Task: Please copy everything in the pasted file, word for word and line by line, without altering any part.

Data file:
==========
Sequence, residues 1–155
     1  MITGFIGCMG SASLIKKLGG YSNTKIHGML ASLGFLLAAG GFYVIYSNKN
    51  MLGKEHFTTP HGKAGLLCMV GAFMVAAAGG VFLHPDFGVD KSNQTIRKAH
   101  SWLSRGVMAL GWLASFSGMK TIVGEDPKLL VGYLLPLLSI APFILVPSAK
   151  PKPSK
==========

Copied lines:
Sequence, residues 1–155
     1  MITGFIGCMG SASLIKKLGG YSNTKIHGML ASLGFLLAAG GFYVIYSNKN
    51  MLGKEHFTTP HGKAGLLCMV GAFMVAAAGG VFLHPDFGVD KSNQTIRKAH
   101  SWLSRGVMAL GWLASFSGMK TIVGEDPKLL VGYLLPLLSI APFILVPSAK
   151  PKPSK